The Use of Integra Artificial Dermis to Minimize Donor-Site Morbidity after Suprafascial Dissection of the Radial Forearm Flap

Author(s): Gravvanis A, Tsoutsos D, Iconomou T, Gremoutis G

Source: Microsurgery 27:583–587, 2007.


The authors attempted to minimize radial forearm flap donor-site morbidity in six patients by elevating the flap using the suprafascial dissection technique and covering the donor site initially with Integra artificial skin followed by an ultra-thin split-thickness skin graft 14 days later.  The mean time to wound healing of the forearm donor site was 24 days. There were no flap failures, and all flaps healed uneventfully. At the end of the follow-up, all patients showed normal range of motion of the wrist and the fingers, normal power grip, and power pinch. All patients evaluated the esthetic appearance of the forearm donor site as very good. The authors conclude that suprafascial dissection of the forearm flap creates a superior graft recipient site, and the use of Integra artificial dermis is a valuable advancement to further minimize the donor-site morbidity, resulting in excellent functional and aesthetic outcomes.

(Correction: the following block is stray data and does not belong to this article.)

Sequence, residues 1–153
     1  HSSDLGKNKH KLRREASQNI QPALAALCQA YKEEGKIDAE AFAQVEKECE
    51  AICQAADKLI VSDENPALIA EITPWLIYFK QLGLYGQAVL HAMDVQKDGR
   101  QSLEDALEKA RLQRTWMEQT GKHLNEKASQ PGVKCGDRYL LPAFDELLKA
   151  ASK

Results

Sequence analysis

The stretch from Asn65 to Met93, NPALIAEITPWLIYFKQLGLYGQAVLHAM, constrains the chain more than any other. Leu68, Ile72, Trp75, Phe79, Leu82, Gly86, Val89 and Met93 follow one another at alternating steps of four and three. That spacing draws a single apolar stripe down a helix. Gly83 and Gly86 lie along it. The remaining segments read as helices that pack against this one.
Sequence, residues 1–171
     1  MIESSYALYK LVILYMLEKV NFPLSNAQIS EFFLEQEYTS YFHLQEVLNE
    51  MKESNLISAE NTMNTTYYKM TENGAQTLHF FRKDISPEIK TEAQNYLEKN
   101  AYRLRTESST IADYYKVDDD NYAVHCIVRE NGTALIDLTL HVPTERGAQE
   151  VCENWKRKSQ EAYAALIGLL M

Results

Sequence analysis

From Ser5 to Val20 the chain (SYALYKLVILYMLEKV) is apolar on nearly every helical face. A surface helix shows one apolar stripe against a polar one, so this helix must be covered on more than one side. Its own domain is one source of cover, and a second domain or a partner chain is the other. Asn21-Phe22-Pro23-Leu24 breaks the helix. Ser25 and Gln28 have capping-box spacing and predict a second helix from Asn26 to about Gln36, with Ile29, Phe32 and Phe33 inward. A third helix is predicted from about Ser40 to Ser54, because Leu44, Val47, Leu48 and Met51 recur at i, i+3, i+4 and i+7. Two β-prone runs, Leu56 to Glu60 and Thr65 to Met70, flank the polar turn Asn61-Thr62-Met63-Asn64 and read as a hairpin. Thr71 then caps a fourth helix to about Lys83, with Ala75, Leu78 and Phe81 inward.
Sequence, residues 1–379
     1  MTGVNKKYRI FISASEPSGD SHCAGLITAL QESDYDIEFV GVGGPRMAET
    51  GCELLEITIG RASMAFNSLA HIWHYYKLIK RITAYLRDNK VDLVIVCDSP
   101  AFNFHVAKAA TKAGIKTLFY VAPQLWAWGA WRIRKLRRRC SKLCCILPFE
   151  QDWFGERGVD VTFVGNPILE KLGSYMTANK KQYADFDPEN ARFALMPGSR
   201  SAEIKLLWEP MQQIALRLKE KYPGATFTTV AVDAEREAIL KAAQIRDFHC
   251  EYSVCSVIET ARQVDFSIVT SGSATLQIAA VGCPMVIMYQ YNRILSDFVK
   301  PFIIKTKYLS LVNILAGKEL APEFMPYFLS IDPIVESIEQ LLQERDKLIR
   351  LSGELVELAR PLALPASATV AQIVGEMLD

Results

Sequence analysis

For decades the radial forearm flap has been a major workhorse for the reconstruction of skin and soft tissue defects. Despite the numerous advantages that include constant anatomy, long vascular pedicle, and thin pliable skin, the flap carries the potential liability of significant donor-site morbidity. Post-operative complications can include hypertrophic scarring, poor skin graft take, and desiccation that may result in tendon loss.  To prevent the donor-site problems of the radial forearm flap, the suprafascial flap elevation technique was reported in 1996.  Additionally, other reports have documented the use of skin substitutes to close the radial forearm flap donor site.

This report utilizes both the suprafascial dissection technique and Integra artificial skin to minimize donor site morbidity with excellent aesthetic results.  The functional outcomes were similarly superior since the fascial layer was maintained thus limiting potential tendon adhesions. The major disadvantage of this technique is the added cost of the skin substitute and requirement for another trip to the operating room two weeks following surgery for split-thickness skin grafting.  Furthermore, the suprafascial dissection technique is more technically challenging for the less experienced surgeon.


Radial, Forearm, Flap, Integra, Artificial, Skin, Donor, Morbidity

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